Cancer care includes a variety of treatments, systematic therapies, surgery and clinical trials.
Diagnosed with acute myeloid leukemia, a young mother spent 11 days in a coma and was given only a small chance of survival. Today she credits doctors at IU Health Simon Cancer Center for her path to recovery.
Jennifer Wright looks at the picture of her young daughter – dressed like a ballerina, and remembers the moment like it was yesterday. The picture of the mother and daughter means more today than it did back then. It was taken on Mother’s Day three years ago - the day before Wright received a stem cell transplant.
Wright’s eyes moisten as she sits in a room at Simon Cancer Center waiting for a recent check up with oncology specialist Dr. Sherif Farag. Wright holds her daughter, Cambria, now four as she listens to the doctor speak words at one time she doubted she would ever hear.
“She’s doing really well. She’s in remission of high risk leukemia and the risk of relapse after three years is very low,” said Dr. Farag. “She is a successful case.” It will be another three months before Wright returns to Simon Cancer Center for a follow up visit. That alone is something she considers a miracle. She dabs at her eyes and begins talking about how she will make the most of that time.
A customer service coordinator for the Girl Scouts of Central Indiana, Wright along with her mom Amanda Wright, help with a local Girl Scout troop. The young mom enjoys taking adventure trips with her best friend and godchildren, and watching movies with Cambria. Mostly, she enjoys treating each day as a gift.
A graduate of Decatur Central High School and the University of Evansville, Wright is the only child of Amanda and Shawn Wright. A single mom, Wright had maintained her independence since the day she turned 18. Shortly after her daughter was born, she was wrapped up in life as a new mom and didn’t think much about a lingering cold and flu-like symptoms.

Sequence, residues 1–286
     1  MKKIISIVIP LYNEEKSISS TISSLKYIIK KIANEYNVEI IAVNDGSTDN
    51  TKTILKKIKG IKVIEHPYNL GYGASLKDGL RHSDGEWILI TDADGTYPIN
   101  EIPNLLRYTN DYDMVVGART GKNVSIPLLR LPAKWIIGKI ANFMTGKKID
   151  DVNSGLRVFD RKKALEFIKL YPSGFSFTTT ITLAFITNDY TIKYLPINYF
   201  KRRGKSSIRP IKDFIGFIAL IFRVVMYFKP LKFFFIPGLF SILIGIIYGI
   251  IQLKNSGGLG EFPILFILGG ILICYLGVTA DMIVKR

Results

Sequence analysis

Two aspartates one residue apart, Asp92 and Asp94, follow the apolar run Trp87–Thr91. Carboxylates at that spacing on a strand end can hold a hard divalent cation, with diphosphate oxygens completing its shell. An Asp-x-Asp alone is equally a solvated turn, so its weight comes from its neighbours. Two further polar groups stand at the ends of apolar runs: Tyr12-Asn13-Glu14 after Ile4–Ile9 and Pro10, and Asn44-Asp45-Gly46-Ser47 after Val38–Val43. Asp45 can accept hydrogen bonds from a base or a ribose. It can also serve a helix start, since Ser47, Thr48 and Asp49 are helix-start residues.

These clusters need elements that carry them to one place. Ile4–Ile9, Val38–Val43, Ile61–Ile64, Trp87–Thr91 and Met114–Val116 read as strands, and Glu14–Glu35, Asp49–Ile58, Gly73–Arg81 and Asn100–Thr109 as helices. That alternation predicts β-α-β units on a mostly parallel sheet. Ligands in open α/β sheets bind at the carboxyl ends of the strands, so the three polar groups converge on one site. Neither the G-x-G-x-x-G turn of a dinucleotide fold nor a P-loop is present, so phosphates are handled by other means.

By mid-January of 2015 the symptoms were accompanied by extreme vaginal bleeding. When she broke down and called her mom, she was rushed by ambulance to Methodist Hospital where she was listed in critical condition in the cardiac intensive care unit. Tests determined she had acute myeloid leukemia, a type of cancer that starts in blood forming cells of the bone marrow. It’s called “acute” because it can progress quickly if not treated, and can be fatal in a few months.
Doctors at Methodist Hospital including pulmonologist Dr. Farzad Loghmani and oncology specialist Dr. El-Sayed Aly determined Wright had blood clots in her lungs, around my heart and bleeding behind her retinas. Wright spent the next 11 days in a medically-induced coma, strapped to a RotoProne bed – a special bed designed to help aggressively treat patients with severe pulmonary complications through prone therapy – turning her body face down to improve lung perfusion and oxygenation. In all, Wright spent a month in the hospital. She went through 24/7 chemotherapy and procedures to remove blood clots from her heart and lungs. She then went through two more rounds of chemotherapy and stem cell transplant. She lost her hair twice and dropped 80 pounds, when she was unable to eat for six weeks.
It wasn’t just her life that changed overnight. Wright’s parents moved her from her apartment into their home. Her mom quit her job to care for her and her parents sought custody of Wright’s daughter when she was in a coma, unsure if she would survive.
“Because I was in the coma for so long I’d lost all muscle function. I couldn’t talk and I could barely move. I didn’t’ remember any pain but I also didn’t remember how to function. I had to learn to sit up, walk, talk and eat again,” said Wright. Until her leukemia diagnosis, she had seldom been ill. Her mom remembers only an exercise-induced asthma that caused a few setbacks in her childhood.
As she looks at her daughter and thinks about the time that has gone by, Wright says: “She sort of grew up here, coming to the hospital. I can’t say enough about my doctors. At one point I was told I only had about a 13 percent chance of survival. That is tough to hear but I also appreciated the honesty. It didn’t give me false hope but it gave me motivation.”
There was something else that motivated Wright too.
“When I was at my worst – not knowing if I’d ever go back to work or drive again, not knowing if I’d open my eyes from a coma, my daughter was my will to the fight.”
-- By T.J. Banes, Associate Senior Journalist at IU Health.
Reach Banes via email at T.J. Banes or on Twitter @tjbanes.